Eight members of ‘Matt Ridley’s Conscience’ collective face £9,000 bill after pleading guilty to aggravated trespass
By Megan Darby
Activists who shut down a UK opencast coal mine have taken to a crowdfunding website to meet court-ordered costs, after pleading guilty to aggravated trespass.
Eight members of “Matt Ridley’s Conscience”, a group named after the Conservative peer and climate sceptic columnist who owns the land, owe £9,000 (US$13,000) between them.
They are calling on sympathisers to chip in, with the bulk of money going to compensate Banks Mining Group for the eight-hour disruption on 26 October. Contributions have topped £4,000.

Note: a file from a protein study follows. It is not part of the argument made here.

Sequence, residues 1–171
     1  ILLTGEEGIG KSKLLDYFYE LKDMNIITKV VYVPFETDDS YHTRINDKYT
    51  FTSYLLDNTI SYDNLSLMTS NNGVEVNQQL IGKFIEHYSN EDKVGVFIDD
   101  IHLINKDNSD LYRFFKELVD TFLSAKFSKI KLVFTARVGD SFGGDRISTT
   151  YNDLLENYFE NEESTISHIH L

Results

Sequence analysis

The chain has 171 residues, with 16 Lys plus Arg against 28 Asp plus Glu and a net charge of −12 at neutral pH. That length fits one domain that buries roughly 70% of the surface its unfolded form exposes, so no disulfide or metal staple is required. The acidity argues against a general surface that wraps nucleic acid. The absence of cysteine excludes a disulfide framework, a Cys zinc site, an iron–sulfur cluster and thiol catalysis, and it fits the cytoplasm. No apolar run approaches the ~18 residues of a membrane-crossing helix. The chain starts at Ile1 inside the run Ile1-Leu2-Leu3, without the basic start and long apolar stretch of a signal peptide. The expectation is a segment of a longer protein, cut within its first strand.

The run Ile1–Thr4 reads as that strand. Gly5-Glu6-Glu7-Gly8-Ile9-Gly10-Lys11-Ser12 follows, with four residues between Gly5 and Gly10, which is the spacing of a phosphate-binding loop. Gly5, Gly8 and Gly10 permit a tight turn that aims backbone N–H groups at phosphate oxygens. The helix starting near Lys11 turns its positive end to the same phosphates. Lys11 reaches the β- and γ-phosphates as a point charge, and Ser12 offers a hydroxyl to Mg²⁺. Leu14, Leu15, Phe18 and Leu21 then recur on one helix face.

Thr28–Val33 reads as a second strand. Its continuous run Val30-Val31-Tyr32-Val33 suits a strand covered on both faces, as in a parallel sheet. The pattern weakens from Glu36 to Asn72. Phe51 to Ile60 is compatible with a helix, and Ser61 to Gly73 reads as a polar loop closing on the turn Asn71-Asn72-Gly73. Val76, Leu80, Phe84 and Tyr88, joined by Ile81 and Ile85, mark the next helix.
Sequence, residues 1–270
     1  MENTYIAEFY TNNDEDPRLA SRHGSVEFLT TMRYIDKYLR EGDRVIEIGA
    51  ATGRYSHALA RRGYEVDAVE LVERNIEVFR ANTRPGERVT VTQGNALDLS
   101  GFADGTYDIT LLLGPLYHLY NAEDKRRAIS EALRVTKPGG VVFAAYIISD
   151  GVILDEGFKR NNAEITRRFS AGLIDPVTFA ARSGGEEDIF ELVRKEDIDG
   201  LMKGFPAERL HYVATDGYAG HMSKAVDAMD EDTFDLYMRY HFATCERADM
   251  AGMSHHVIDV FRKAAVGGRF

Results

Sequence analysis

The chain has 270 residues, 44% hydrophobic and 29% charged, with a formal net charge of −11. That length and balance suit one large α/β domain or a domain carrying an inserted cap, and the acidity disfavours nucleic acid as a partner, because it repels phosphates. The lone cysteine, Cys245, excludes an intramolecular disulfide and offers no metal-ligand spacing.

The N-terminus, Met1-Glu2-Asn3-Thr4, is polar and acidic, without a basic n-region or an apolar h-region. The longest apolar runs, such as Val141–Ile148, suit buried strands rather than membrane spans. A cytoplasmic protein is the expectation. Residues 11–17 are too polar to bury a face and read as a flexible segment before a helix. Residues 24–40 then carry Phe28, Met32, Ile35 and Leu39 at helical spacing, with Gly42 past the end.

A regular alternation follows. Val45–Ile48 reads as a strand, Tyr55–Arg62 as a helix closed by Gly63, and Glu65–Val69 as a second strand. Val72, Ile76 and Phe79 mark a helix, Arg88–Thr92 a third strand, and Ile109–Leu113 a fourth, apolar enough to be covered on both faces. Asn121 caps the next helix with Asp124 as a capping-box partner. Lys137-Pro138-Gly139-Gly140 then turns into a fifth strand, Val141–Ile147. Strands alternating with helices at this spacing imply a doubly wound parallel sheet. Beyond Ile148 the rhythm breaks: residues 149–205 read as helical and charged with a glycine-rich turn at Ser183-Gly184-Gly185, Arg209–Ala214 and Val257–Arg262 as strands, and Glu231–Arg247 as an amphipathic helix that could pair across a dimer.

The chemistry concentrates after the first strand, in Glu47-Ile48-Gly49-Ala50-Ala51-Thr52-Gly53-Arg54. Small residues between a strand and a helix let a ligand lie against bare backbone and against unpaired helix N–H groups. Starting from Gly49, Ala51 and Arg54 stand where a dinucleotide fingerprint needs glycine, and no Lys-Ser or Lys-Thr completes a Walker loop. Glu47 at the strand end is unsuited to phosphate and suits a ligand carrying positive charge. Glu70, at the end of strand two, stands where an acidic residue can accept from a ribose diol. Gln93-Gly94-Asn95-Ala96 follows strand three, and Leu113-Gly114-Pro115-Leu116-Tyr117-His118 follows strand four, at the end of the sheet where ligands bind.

In a statement following the 16 December sentencing, the group expressed defiance, saying: “Though we chose to declare ourselves guilty in court, we see this as no reflection of morality…
“We urge Matt to listen to his Conscience and to wake up to the consequences of his actions. The coal profits lining his bank account come at the cost of the deaths and displacement caused by climate change.”
Scientists estimate more than 80% of proven coal reserves worldwide must stay in the ground to hold global warming to 2C. That was the upper limit on temperature rise 195 countries agreed on in Paris last month, with a recognition that 1.5C was safer.
Ridley described the 2C threshold as “meaningless” in his weekly Times column, arguing it was “many decades away, and depends on many unknown factors”.
He has repeatedly attacked renewable energy subsidies and declines to reveal the size of his financial interest in coal mining, citing commercial confidentiality.